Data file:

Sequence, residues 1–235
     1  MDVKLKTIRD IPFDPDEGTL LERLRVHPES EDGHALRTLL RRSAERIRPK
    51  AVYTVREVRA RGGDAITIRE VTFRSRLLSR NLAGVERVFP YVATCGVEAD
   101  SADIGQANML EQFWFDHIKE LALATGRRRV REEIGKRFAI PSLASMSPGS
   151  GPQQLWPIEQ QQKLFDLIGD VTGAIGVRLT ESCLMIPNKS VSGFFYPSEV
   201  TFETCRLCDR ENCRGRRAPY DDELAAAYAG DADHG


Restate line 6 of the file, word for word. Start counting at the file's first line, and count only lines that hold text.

   201  TFETCRLCDR ENCRGRRAPY DDELAAAYAG DADHG